(43) Well, let's look at the money. While it may be true in some unprovable aesthetic sense that Tara's death was necessary - even that this version of her death was necessary - from a purely business perspective, it is also true that the death of Tara and the storyline it launched - Willow attempting to destroy the world - improved ratings. Fans tend to think of "ratings" as scatological topics not to be discussed at the dinner table and not without washing your hands afterwards, but again, television broadcasting is a business, and Whedon is very successful at it. He clearly planned the sixth season arc to involve a long exploration of Willow's "addiction" to magic (Kaveney's article deals with this in more depth) capped by the Tara death/ Willow madness story. Between fifth and sixth seasons, the show switched from the WB to UPN - and the fifth season ended with the death of Buffy, the title character. Whedon, who like all good television producers airs his most earth-shattering dramatic episodes during sweeps months and season's ends and beginnings, was certainly aware that UPN was giving him an awful lot of money in order to establish a beachhead in the 18-34 demographic that UPN wanted to be known for among advertisers. UPN was fronting 2.2 million dollars per episode, more than twice the 1 million that the WB was paying per episode. (Fitzgerald) Whedon also needed to bring over as many viewers as possible from the WB and find new ones.

(44) "Seeing Red", the episode in which Tara was shot, was not the season finale. Rather, there were three hours following it - broadcast May 14, and a two-hour finale broadcast May 21 - in which Willow's story was presented. The ratings history looks like this:[9]

(45)

Title

Airdate

Number in top 100

Neilsen Share

"Seeing Red"

May 7, 2002

93

2.7

"Villains"

May 14, 2002

75

3.2

"Two to Go"

May 21, 2002

75

3.3

"Grave"

May 21, 2002

75

3.3

"Lessons"

September 24, 2002

83

3.1

(46) In fact, the ratings over the two-part season finale ranged from 3.1 from the first half hour to 3.4 for the second, third, and fourth half hours.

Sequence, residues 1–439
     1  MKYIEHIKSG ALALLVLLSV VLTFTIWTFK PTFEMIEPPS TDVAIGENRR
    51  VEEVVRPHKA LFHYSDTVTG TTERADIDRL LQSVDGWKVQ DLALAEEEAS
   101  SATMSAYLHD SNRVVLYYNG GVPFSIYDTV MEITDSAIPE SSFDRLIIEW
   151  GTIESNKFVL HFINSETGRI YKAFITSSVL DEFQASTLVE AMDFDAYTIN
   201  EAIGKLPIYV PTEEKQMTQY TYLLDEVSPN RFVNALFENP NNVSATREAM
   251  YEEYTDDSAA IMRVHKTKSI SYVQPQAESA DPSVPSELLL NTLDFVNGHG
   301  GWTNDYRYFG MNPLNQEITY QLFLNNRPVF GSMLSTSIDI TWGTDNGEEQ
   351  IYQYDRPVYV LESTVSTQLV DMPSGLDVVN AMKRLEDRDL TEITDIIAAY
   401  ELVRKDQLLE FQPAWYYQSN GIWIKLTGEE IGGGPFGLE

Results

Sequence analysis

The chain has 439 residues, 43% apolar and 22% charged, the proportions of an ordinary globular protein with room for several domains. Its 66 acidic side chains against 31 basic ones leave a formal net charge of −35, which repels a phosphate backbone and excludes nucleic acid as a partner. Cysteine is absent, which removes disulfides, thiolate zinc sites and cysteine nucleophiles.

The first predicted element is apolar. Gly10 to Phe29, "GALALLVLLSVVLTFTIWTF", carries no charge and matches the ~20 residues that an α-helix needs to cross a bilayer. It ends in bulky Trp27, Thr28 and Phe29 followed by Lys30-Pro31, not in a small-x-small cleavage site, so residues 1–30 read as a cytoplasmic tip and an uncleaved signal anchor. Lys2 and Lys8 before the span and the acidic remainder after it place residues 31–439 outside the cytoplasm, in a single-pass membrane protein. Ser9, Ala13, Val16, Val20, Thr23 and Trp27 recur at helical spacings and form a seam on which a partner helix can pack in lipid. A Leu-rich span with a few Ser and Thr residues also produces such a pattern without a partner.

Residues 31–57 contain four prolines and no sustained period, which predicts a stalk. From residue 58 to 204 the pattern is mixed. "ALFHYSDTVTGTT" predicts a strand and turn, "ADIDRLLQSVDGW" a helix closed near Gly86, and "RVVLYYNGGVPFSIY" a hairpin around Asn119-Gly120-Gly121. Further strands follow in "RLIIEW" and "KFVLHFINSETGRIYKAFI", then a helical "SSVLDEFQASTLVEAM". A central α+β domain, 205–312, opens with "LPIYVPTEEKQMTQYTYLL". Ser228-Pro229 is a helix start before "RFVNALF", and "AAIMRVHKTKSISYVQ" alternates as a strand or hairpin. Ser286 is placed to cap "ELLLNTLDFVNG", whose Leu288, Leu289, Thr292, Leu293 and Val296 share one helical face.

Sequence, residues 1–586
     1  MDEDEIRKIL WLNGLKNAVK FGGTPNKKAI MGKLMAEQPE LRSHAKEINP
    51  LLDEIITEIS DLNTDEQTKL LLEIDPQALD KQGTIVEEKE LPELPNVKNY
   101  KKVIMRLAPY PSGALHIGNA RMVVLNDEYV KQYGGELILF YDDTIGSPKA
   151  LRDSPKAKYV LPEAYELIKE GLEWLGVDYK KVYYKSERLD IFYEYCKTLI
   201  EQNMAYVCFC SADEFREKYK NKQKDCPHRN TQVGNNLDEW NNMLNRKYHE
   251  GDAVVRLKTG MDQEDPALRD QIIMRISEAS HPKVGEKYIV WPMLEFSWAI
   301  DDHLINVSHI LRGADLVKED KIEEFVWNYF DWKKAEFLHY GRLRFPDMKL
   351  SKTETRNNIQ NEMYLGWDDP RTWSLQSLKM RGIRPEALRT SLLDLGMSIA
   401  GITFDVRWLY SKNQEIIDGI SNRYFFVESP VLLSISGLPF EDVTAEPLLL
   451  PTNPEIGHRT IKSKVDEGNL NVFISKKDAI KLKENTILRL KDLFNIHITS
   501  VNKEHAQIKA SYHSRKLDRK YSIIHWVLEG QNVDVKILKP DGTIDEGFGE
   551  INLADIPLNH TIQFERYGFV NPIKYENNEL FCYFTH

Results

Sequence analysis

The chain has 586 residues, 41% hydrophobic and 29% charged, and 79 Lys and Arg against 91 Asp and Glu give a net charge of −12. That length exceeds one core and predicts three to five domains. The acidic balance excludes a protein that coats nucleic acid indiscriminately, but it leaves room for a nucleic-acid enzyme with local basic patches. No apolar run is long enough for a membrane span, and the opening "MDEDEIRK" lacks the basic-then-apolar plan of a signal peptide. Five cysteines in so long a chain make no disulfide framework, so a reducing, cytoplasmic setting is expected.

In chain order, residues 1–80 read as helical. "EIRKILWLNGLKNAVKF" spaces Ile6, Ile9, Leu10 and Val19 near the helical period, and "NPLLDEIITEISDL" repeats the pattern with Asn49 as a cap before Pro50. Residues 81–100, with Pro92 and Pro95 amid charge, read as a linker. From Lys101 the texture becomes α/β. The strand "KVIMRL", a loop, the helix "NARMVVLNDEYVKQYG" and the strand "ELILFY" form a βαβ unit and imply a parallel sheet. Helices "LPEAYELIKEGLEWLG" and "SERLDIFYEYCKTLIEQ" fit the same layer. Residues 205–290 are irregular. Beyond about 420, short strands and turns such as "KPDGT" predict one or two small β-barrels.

(47) In other words, while Herizons reported that Buffy's viewership had dropped over the summer between season 6 and season 7, reflecting fans' displeasure with the death of Tara (Mitchell), in fact viewership picked up for the final three hours of season 6, from dismal 1.8 and 1.3 ratings for April reruns[10] to 3.3, actually 3.4 for the last hour of the season, an improvement with a significant carryover into "Lessons", the season premiere of season 7. Moreover, while for "Seeing Red" Buffy was far from the top-rated UPN show in the top Nielsen 100, the only UPN show that outrated it for the season 7 premiere was the WWE Smackdown!, the wrestling juggernaut that forms the cornerstone of the UPN audience.

(48) Ratings are never just ratings. The producers and broadcasters ask not just how many people are watching, but how many in which desirable market segments are watching. This can lead to endless wrangling over whether a show's viewership is up or down if the object of the conversation is not predefined. The writers at www.dykesvision.com, for instance, quote an interview with producer Jane Espenson from The Succubus Club[11] webboard, in their comparison of quotes from writers and producers regarding Tara's death:

(49) C: People want to know, the backlash, they are going to be tuning out.
J: People always say they are not going to watch anymore and our numbers stay the same.
C: But the numbers are down this year.
J: Yeah, but our boy numbers are up. [12]

(50) Whether or not Tara's death was a successful dramatic product is only definable, then, when one takes into account the market segment one is trying to reach.

(51) It's dramatic to see a character central to the show die. Highly-rated shows tease audiences with this possibility all the time. A closer examination of Whedon's self-reported reasoning for choosing this character to die is below. But for the moment, let's just recognize that complete stagnancy produces no drama, and that without drama there is no reason for any audience of any sort to tune in to the show.

(52) Whedon needed something as dramatic as the death of a major character to drive his transition from the end of season 6 to the beginning of season 7. He decided that Tara had to die because no other reason would be powerful enough to drive Willow to the extreme where she would try to destroy the world and we would realize once and for all how very powerful a witch Willow is - and how very much she loved Tara. The business decisions and the artistic decisions are very much intertwined here. But nothing in this scenario, from either a business or an artistic point of view, mandates exactly that Tara's death had to be played out in exactly the way that it was. Fans might have had to put up with the death of a popular character, maybe even Tara, for the good of the show both as a business and as an art form. It doesn't necessarily follow that they had to put up with this particular death for this particular lesbian presented in this particular way.